The seed comes from South America.  It is not a grain like wheat or rice, but closely related to spinach.  But the flowers produce seeds which need to processed to remove the bitter coating, then used in chips and salads, replacing rice in soups and stuff.

On Sunday night our table wondered:  What exactly are those dwarf corn we see in Chinese stir fry dishes?  They are baby corn (also called, young corn, cornlets and baby sweetcorn) which is simply corn harvested early.  Specific varieties are available for this particular crop.  I avoid them because I feel uncomfortable ingesting the cob.

Next:  Is there an identifiable compound in ginger (rhizomes of Zingiber officinale) that cures or prevents motion sickness, nausea and, even, migraines?  I thought this was mostly psychosomatic.  That is, it works like a placebo or a self-fulfilling prophesy:  if you think it is good for you, it could work.  Mind over reality.  Well, I was wrong

The National Institutes of Health lists ginger as being "possibly effective."  While that "possible" leans in my favor, turns out that in a 2005 study of 675 patients, ginger was superior to a placebo and vitamin B6 in relieving nausea and vomiting during pregnancy.  And there have been more recent studies indicating the same.

But, aha, NIH classifies ginger supplements as "possibly ineffective."  On the other hand, they used supplements in that study.  They should have used the real stuff, the raw ginger.  Also, you should be aware that there could be side effects of ginger:  heartburn, diarrhea and stomach discomfort.

But what exactly is the ingredient in ginger that is doing all this good?  One theory is that ginger inhibits an enzyme called thromboxane synthetase.  But that still doesn't indicated what compound in ginger.

Getting closer, for ginger contains a wide variety of biologically active secondary metabolites.  But, exactly what?  Volatile oils and an oleoresin?  The pungency, perhaps?  Oleoresins can be found in all those spices to the left.  Now here are some real chemicals:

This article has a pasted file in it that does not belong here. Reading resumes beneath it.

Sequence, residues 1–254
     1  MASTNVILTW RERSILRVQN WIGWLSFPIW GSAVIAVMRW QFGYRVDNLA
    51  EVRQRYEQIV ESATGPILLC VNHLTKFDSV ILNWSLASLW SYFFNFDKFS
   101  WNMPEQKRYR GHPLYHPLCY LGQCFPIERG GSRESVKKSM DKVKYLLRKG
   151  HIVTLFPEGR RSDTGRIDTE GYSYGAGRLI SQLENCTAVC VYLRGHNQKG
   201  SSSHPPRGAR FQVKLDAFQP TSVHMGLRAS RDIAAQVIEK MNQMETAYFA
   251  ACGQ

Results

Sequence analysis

• sesquiterpene hydrocarbons, primarily zingiberol
  • phenolic phytochemical like gingrols, shogaols and parodols
One specific is that all these phytochemicals relieve symptoms of functional gastrointestinal disorders like dyspepsia, abdominal pain and nausea.  Click on THIS to read a lot more chemistry.

I'm sold.  I keep a reasonable quantity of grated ginger in the freezer for my tsukemono-making.  I'm equipped for nausea.

This next food search is awfully long and disorganized without much of a clear solution or answer.   But that is the state of this knowledge today, getting there, but still somewhat murky. Which artificial sweetener is the safest?  From CNN last year:

How can something as good as sugar be bad for us? 
Actually, it's not, if you keep to the newest dietary guidelines from the US Department of Agriculture: only 10 teaspoons of sugar a day for the average person. Unfortunately, that equals just one 16-ounce bottle of regular soda.
And also unfortunately, the average adult consumes 32 teaspoons of sugar every day.   Couldn't find 32 of them, so used Canada's average, which is 26 teaspoons. Worse, we willingly ingest the wrong kind of sugar.  Fructose, for example, causes insulin resistance, high cholesterol and belly fat accumulation.  Regular sugar is sucrose, which breaks down into fructose and glucose. All sugars should be minimized.  Why? 
  1. addictive
  2. damages your immune system
  3. causes cancer
  4. bad for the liver
  5. insulin resistance,
  6. diabetes
  7. weight gain
  8. premature aging
  9. leads to depression, chronic fatigue, irritability, anxiety and mood swings
  10. increases hyperactivity in children
  11. lowers good HDL cholesterol
So what artificial sugars are safe?
  1. aspartame (Equal and Nutrasweet) is used in just about everything, is 180 times sweeter than sugar and does not cause cancer (this is the most popular and is produced by joining two amino acids, aspartic acid and phynylalanine)
  2. acesulfame-K or ace-K  (Sweet One and Sunett) is 200 times sweeter than sugar and good for baking, but does have an aftertaste
  3. saccharine (Sweet'n Low and Sugar Twin) is 200-700 times sweeter than sugar, dating back to 1879, is now considered by the FDA to be safe, and was removed from the potential carcinogenic list in 2000 (but there are guidelines as to consumption)
  4. sucralose (Splenda) is 600 times sweeter than sugar and is considered safe by the FDA
  5. neotame, a spin-off of aspartane, is 7,000 to 13,000 times sweeter than sugar, is found in various edible products and lip gloss, and is considered safe by the FDA...and maybe safer than aspartame
  6. advantame is the newest sweetener, 20,0000 times sweeter than sugar, and was approved by the FDA in 2014 (this, aspartame and neotame are chemically similar)